Ninja Turtles... in Astoria!

Before Michael Bay's dubstep-tastic reboot next month, we revisit Teenage Mutant Ninja Turtles III, when Astoria doubled as ancient Japan.

By Peter Holmstrom July 11, 2014

The Turtles in Astor-, er, Japan.

The year was 1993. Clinton was in office, war was erupting in Eastern Europe… and the Teenage Mutant Ninja Turtles were back in time!

Few kids from the early 90’s missed out on the summer blockbusters that were the Teenage Mutant Ninja Turtles movies. Starting in 1990, the franchise quickly spawned two sequels coming out, one after another, each summer. With voice talent provided by Corey Feldman, Robbie Rist (Cousin Oliver … anyone?), and Brian Tochi, the Turtles became a pop culture phenomenon.

On August 8, the franchise that created a hundred 90’s catchphrases will try to do it again with a reboot produced by universally-respected cinema auteur Michael Bay. (Watch the trailer here. Be sure to turn the volume down. ) But while you wait, you might be so inclined to satisfy your Turtle needs by renting Teenage Mutant Ninja Turtles III, which was filmed in our very own Astoria.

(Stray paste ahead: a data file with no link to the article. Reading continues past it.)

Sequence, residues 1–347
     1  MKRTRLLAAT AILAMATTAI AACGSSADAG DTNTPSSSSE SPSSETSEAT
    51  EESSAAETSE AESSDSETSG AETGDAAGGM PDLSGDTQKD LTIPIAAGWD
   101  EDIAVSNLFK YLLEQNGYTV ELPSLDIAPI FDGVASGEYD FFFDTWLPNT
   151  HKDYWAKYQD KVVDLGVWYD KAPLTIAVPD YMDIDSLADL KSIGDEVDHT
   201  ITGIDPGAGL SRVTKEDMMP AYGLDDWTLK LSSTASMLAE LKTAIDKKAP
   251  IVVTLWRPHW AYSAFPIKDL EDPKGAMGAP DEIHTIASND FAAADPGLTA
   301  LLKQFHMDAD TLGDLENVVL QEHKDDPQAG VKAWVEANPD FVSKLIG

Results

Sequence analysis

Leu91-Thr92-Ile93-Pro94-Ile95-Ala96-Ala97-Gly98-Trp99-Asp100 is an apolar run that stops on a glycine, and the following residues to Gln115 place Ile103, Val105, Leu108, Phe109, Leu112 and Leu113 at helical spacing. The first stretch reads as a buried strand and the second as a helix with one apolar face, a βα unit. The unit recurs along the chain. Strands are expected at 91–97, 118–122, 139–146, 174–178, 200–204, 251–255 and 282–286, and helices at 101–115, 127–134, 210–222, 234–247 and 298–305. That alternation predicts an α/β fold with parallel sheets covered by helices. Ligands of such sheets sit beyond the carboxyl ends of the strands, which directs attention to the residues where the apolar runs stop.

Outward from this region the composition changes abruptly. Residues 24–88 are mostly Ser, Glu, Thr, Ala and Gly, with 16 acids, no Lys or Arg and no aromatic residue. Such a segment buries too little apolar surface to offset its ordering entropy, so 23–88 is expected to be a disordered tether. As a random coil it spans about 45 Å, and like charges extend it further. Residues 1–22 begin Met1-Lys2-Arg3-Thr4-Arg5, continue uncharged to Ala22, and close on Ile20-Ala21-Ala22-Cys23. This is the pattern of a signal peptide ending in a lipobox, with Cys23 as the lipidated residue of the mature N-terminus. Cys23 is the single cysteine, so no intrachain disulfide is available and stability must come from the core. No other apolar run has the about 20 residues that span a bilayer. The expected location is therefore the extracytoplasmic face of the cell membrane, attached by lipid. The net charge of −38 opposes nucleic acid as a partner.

The franchise decided to take a different direction with the third installment, abandoning many of the fan favorite advisories in favor of sending the masked wearing turtles back in time to ancient Japan. Pitting them against evil Samurai, the masked wearing hero’s must do battle for the salvation of a small village, while they try to discover what it means to grow up.

Meanwhile, Astoria was going through quite a filming boom during the late 80’s-early 90’s. Film classics such as The Goonies, Free Willy, Kindergarten Cop, and Benji, The Hunted, were all primarily filmed in the area around the coastal town. The combination of lush wilderness, small town ambiance, and open coastline made Astoria the ideal filming location for many Hollywood execs. The Turtles were no different. Producers of the film sought to recreate the atmosphere of ancient Japan, without the hassle of actually going there.  

The film received lackluster reviews upon its release, but has maintained as a good testament to a bygone age (early 90’s, not ancient Japan). Over-the-top action, humorous catchphrases, and pre-CGI special effects that remind us how far our technology has come. Viewing a movie like this, it might be best just to suspend disbelief and just let your nostalgia take over. Put on your TMNT shirt, grab your old plastic cup you made your mom buy at Wal-Mart, and just enjoy it!


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